- DNA hybridization probes are mainly used for the detection of complementary DNA from the test sample.
- The size of a DNA hybridization probe varies between 100 to 10000 base pair.
- DNA probes can be prepared by using a chemically or amplification method or using the cDNA library.
Example of DNA Probe:
A. TaqMan probe:
- TaqMan probe first discovered by Kary Mullis.
- TaqMan is a type of hydrolysis probe which is used in the real-time PCR assay.
- 5’ end of this probe contains a fluorophore and in 3’ end, it contains a quencher molecule which is proximity of the fluorophore.
- TaqMan probes are used for DNA or gene quantification and gene expression studies.
Mechanism of Taqman Probe:
- Once the Taqman probe binds with its complementary sequence, then, the DNA polymerase enzyme will start to synthesize a new strand but in the same, it will remove the probe by the 3’ to 5’ exonuclease activity.
- After that the probe unquenched, and the fluorophores detached from the quencher molecule and emits the fluorescent.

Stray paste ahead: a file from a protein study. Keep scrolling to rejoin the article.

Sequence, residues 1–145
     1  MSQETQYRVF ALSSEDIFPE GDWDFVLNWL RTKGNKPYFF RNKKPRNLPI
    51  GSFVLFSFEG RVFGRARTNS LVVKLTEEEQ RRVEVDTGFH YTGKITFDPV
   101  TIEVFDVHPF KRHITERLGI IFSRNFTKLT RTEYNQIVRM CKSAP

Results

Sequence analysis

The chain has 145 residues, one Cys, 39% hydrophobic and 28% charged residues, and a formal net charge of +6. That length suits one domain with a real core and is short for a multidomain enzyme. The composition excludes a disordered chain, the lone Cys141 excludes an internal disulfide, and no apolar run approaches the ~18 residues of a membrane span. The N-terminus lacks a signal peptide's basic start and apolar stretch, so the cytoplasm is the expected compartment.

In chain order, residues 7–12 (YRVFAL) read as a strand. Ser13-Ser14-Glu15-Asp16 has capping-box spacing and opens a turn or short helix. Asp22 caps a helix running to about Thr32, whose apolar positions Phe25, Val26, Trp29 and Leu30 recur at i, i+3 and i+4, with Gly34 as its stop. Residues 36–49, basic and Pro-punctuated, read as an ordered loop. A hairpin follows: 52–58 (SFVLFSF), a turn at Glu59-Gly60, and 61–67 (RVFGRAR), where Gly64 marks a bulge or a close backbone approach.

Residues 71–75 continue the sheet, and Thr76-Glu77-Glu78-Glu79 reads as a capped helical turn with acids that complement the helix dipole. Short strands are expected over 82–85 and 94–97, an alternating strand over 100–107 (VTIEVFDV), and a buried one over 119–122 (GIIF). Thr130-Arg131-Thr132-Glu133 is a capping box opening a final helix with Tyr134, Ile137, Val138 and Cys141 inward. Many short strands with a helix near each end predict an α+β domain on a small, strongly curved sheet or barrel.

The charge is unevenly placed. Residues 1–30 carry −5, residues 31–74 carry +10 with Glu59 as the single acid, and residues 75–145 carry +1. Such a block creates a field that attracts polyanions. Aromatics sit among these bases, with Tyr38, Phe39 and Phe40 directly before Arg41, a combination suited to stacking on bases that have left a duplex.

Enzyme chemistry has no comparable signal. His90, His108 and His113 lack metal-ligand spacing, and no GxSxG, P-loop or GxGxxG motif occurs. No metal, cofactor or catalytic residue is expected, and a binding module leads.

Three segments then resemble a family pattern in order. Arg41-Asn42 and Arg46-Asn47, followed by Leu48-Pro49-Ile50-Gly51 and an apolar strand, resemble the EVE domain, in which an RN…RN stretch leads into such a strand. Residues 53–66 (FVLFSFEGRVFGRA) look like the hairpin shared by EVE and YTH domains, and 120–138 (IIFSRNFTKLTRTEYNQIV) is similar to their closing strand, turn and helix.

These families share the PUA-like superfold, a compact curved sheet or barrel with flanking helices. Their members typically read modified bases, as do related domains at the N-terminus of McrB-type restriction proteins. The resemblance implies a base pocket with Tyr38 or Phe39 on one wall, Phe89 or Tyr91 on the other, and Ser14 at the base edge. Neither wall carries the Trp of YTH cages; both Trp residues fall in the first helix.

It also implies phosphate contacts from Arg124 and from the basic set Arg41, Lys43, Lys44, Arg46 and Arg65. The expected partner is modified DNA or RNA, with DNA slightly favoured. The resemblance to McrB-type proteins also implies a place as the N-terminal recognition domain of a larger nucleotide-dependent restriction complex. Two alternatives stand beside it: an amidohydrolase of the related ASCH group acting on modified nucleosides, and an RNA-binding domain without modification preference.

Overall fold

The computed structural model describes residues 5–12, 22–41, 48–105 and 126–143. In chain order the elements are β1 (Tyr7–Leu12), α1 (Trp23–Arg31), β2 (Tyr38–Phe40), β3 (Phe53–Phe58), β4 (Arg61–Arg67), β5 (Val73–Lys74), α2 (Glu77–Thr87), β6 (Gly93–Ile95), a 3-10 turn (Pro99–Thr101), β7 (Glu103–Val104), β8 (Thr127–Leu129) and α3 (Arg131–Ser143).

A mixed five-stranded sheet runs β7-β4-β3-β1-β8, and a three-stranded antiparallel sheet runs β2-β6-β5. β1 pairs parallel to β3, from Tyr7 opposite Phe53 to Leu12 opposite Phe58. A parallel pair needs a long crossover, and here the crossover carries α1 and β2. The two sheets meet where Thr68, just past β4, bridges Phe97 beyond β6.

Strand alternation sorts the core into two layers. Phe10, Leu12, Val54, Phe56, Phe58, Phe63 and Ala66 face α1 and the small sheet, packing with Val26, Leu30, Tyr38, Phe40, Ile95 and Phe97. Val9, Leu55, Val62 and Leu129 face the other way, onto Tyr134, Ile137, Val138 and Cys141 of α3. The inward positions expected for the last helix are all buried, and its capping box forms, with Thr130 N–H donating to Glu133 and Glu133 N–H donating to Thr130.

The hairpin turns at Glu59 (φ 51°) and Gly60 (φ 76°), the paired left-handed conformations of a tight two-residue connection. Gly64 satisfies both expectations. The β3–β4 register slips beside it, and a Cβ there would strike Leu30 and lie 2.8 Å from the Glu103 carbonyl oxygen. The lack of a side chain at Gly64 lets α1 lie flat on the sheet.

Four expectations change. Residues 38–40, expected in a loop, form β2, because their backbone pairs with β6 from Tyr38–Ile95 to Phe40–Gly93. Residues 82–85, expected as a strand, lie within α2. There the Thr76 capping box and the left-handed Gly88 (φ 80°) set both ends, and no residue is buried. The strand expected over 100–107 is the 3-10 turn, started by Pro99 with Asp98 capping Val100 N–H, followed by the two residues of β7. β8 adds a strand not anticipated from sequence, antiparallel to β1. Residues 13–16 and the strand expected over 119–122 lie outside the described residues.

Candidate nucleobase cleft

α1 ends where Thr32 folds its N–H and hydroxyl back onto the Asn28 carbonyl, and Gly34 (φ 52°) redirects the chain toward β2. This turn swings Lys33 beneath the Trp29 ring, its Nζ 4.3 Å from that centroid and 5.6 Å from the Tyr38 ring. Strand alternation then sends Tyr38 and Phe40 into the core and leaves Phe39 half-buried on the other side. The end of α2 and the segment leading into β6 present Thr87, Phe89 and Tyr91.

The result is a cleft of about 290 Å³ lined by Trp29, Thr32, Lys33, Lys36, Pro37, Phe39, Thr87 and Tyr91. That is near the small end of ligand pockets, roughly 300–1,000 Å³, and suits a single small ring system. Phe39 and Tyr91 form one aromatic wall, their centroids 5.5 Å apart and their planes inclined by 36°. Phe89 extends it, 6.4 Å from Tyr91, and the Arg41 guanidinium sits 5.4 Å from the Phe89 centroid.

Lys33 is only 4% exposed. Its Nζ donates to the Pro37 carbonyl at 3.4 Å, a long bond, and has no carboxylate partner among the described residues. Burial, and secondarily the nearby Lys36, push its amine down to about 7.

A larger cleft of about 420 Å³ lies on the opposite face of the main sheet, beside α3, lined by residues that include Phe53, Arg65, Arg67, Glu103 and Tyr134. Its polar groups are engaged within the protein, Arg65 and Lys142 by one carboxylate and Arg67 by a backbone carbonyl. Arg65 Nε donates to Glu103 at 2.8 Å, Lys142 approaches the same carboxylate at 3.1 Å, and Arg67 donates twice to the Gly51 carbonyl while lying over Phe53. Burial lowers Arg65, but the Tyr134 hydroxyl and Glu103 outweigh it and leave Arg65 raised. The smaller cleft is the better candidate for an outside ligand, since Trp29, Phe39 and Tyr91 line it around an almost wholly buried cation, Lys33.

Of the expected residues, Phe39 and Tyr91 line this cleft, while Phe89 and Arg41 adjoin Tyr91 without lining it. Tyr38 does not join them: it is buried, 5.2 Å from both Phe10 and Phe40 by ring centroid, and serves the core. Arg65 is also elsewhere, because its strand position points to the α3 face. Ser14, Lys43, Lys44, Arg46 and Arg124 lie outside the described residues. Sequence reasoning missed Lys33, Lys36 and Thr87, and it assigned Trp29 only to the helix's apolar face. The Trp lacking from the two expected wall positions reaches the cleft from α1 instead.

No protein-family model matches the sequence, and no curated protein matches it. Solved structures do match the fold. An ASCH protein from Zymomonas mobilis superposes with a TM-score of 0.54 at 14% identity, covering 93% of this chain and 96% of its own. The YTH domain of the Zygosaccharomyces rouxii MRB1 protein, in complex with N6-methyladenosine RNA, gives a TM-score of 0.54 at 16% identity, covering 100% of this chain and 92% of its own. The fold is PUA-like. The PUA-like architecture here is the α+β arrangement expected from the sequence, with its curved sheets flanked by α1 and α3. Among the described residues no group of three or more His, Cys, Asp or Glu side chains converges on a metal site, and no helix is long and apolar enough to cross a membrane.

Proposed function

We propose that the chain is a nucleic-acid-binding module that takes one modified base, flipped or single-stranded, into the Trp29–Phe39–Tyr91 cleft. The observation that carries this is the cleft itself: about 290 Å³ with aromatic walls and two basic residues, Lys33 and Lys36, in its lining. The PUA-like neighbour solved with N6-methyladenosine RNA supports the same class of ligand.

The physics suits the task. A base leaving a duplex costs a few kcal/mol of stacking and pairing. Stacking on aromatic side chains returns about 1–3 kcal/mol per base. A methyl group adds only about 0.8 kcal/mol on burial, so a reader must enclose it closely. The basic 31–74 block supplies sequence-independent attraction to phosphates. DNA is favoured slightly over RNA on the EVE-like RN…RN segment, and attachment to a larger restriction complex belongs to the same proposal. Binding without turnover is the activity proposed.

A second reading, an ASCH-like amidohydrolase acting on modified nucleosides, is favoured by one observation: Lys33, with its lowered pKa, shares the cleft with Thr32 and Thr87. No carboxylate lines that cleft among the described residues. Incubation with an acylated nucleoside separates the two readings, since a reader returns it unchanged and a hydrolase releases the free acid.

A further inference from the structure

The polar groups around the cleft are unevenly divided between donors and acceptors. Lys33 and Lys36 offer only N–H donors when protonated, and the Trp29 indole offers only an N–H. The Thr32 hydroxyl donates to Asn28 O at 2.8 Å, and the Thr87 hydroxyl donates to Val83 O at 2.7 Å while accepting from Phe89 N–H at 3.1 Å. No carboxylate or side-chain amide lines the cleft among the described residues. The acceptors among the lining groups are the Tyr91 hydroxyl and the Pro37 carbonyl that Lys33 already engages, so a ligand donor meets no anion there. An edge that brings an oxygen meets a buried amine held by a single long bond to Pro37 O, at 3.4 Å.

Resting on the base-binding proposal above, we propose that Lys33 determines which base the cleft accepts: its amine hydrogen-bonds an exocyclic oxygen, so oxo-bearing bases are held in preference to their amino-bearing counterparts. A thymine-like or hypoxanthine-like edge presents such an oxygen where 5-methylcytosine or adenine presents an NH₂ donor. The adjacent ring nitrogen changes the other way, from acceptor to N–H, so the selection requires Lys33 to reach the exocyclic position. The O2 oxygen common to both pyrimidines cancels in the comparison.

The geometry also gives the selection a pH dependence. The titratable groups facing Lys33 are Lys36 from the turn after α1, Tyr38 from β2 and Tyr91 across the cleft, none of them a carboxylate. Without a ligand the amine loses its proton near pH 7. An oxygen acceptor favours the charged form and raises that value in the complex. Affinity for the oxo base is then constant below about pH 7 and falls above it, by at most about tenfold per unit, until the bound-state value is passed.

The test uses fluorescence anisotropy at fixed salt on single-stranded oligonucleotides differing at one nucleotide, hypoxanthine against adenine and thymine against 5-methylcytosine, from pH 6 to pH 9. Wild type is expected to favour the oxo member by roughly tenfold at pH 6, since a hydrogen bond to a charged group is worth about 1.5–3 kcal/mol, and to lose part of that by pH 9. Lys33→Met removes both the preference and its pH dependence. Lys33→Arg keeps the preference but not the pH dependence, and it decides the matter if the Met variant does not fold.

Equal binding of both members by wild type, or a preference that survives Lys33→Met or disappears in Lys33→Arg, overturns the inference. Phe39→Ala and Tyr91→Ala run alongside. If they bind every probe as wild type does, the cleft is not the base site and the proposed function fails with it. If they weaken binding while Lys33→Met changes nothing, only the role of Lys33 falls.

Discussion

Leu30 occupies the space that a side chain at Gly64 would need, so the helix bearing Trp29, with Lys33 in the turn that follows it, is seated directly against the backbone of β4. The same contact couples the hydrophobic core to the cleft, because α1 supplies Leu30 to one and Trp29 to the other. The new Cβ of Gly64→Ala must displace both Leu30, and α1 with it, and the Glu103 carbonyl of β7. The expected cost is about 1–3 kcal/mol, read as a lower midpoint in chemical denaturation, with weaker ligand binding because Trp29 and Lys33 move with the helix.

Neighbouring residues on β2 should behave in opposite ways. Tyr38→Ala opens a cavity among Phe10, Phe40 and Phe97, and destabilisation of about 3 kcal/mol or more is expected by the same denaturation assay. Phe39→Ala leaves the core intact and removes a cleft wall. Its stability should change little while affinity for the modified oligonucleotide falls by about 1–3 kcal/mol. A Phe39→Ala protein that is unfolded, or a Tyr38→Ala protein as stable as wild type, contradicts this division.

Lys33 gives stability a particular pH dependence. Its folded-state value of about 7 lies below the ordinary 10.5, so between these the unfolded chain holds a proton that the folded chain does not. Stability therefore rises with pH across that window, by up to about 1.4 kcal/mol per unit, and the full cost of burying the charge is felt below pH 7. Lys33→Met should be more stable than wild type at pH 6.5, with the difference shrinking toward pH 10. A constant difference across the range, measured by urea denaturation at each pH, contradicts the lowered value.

- Then the TaqMan probe is hydrolyzed and it started to emit fluorescent which is measured by the detector.
B. Molecular beacon:
- Molecular beacon is a type of hairpin probe, which is used in the quantification assay.
- Molecular beacons contain two complementary ends which are attached to each other with the help of fluorophore at one end and a quencher molecule at another end.
- The quencher dye is in close to the fluorescent molecule. That’s why the fluorophore can not emit fluorescence.
2. RNA probe
- RNA probes are stretches of single-stranded RNA used to detect the presence of complementary nucleic acid sequences (target sequences) by hybridization.